Good day. I have had my Canadian Tire Credits cards for over a year now and have been paying into their Credit Protection plan on both cards since. 6 months ago I was diagnosed with Malignant Esophageal Cancer and Lung Cancer and given a 6-month timeline to sort my affairs. As part of my affairs, I submitted a claim with the insurance company under terminal illness to cover my credit cards. It has now been 5 months and the insurance company has not paid out any funds to cover my credit cards. In fact, they have constantly demanded further proof from my doctors and my previous employers that I have a terminal illness, including sending me emails stating that they need further documentation which I submitted via fax and through uploading to their website. I have contacted the insurance company to find out what is going on, and they claim that I have never sent them any documentation. I replied that on their website when I log in, it clearly states that the documentation has been submitted and that I have proof of the same documentation being sent via fax and it being received. Part of the documentation was my previous Records of Employment from the Canadian Government which was submitted. They now claim they never received those but seem to know all the details of the document. They now want a written statement from me explaining why I left my old job as well as new copies of my Record of Employment. They have since reclassified my claim from Terminal Illness to Disability, claiming that I do not have cancer and they don't have to pay. How do I deal with this company?! And why have I been paying for a service that this company has no intention of honoring!? Is there anything I can do such as find a lawyer to represent me in court?! I have limited time left and feel that they have basically stolen from and are doing the same to countless customers across Canada who are in the same situation as myself! Please help! Any advice would be greatly appreciated!

Hi Cameron, We’re so sorry to hear that this is happening to you. Here are some suggestions you could consider: 1) If you don’t have any assets or have negative equity (you owe more than your assets are worth), then you could possibly send your creditor a debt forgiveness letter like this one: 2) If you do have assets, then pursuing the insurance company for payment of the debt is the right thing to do since your creditor could seek to be paid out from your assets after you pass away. 3) It’s possible that the insurance company you are dealing with is different from your creditor. If this is true, then it may be helpful to let your creditor know what a horrible experience you’ve had with this insurance company and how they seem to be trying to outlast someone making a claim who has cancer. Maybe your creditor can take some action from their end. To get this to happen, though, you’d likely need to deal with someone in management or their person who deals with this insurance company. 4) In Canada, insurance is regulated at the federal and provincial level. You could see if the provincial and/or federal regulator can help you. Here is a government website with more info: 5) You could file a complaint against the insurance company with the Better Business Bureau. The BBB would then ask them to respond to your complaint on their public website and will show the efforts the company took to resolve your complaint. They will also post if you are satisfied with the company’s resolution. 6) You could also look and see if anyone in the news has had a similar situation to yours and how that was resolved. We wish you all the best as you try to bring this to a resolution. If dealing with this is too much for you right now, maybe a friend or family member can help you with it.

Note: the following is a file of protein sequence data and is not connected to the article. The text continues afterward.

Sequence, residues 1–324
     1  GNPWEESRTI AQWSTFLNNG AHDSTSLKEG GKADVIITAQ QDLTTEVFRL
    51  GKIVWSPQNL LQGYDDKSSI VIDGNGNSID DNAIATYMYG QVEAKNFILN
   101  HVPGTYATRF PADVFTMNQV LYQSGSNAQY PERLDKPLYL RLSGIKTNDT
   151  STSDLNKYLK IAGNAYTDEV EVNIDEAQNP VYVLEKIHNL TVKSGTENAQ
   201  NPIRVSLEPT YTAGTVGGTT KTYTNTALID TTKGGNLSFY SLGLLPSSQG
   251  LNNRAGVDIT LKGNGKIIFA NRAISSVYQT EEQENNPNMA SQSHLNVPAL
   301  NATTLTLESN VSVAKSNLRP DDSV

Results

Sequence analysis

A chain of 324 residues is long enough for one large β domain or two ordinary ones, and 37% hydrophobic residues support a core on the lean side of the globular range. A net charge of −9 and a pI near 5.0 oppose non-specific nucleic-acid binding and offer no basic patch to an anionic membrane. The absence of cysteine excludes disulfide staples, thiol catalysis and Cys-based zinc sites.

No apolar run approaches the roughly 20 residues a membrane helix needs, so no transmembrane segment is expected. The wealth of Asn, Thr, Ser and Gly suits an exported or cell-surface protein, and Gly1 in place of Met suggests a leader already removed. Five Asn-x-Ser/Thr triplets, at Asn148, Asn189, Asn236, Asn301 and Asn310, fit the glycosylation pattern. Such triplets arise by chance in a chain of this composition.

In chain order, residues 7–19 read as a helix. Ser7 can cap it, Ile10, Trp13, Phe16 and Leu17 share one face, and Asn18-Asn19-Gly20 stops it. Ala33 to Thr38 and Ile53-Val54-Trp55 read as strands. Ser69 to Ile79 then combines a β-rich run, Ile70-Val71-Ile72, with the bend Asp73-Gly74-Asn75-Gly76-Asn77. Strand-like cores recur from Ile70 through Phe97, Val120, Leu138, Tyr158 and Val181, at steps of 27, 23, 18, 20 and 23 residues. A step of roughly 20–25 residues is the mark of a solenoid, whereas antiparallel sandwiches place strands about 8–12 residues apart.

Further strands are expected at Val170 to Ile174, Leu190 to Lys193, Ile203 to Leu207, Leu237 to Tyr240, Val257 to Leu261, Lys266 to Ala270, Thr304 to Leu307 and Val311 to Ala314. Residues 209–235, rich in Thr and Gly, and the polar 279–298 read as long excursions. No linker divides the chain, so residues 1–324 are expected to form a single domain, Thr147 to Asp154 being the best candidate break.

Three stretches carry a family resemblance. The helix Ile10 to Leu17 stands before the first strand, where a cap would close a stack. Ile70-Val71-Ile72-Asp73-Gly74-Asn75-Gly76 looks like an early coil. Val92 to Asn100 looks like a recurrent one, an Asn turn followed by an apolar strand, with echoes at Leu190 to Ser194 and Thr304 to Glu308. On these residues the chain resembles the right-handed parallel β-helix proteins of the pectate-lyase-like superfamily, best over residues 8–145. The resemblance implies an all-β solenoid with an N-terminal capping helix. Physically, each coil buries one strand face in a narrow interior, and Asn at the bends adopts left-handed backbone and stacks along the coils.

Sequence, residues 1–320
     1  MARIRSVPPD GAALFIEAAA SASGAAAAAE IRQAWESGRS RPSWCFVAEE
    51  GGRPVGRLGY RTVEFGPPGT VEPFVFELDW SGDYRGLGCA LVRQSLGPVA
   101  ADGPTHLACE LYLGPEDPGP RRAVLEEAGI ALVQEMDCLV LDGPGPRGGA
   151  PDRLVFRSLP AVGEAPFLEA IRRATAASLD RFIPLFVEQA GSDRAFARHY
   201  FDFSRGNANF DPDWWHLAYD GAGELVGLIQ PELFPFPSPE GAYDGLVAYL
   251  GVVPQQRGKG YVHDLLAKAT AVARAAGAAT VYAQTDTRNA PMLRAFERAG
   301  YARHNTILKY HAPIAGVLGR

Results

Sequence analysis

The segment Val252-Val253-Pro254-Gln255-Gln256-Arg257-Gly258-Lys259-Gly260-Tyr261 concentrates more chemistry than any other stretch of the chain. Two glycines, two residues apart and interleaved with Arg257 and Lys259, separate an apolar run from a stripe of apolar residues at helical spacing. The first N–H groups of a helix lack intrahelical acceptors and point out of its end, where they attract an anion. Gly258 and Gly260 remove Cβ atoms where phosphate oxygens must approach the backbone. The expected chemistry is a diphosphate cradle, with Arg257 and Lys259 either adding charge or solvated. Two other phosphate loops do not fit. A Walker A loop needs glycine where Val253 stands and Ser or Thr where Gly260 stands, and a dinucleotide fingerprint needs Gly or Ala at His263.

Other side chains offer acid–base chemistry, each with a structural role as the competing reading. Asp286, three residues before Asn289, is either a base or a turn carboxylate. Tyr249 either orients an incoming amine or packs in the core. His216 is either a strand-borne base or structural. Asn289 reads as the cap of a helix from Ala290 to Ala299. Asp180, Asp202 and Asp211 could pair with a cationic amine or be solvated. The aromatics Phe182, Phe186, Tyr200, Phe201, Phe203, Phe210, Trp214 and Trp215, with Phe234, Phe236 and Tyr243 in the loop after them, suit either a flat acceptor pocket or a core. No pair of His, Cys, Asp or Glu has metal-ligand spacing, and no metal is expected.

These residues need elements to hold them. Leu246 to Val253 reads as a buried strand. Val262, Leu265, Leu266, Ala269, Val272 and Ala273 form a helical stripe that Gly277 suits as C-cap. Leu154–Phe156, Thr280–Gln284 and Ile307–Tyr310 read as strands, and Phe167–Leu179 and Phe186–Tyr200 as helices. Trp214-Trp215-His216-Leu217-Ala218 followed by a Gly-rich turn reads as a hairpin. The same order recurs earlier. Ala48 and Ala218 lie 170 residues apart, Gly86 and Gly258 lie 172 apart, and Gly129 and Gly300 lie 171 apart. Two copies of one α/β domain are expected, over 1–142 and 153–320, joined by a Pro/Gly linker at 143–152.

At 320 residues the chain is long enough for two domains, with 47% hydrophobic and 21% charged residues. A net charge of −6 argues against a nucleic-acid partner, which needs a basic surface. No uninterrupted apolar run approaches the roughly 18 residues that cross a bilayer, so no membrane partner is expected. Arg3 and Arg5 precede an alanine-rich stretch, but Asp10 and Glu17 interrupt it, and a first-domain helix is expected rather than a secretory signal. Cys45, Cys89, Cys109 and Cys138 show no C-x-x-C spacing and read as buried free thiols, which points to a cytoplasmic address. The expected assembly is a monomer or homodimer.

First, I want to say “Thank You” for the easy to understand explanation. The question I have is how do these banks get away with these programs? Here in the U.S. it’s reported that less than 10% of customers receive approval to utilize this insurance a year. Some articles say that less than 10% and some articles say about 22% have approved life events for this coverage to kick in. What is the money received then used for within the banks? Is it put in a padded envelope with a bow for the execs bonuses? I will never understand how different organizations can get away with offering programs like this and not have to account for every penny!

I have received one installments from the credit card insurance company for my credit card outstanding balance and I’m eligible for two more installments . My question is , If I apply for Employment insurance benefits from the government as I have no job , will my credit card insurance pay my rest of the outstanding. Thanks

You'd have to check the terms of your policy. If you'd like some general help and guidance with your situation, we'd encourage you to reach out to a local non-profit credit counselling organization and speak with a credit counsellor. You can reach the Credit Counselling Society at 1-888-527-8999.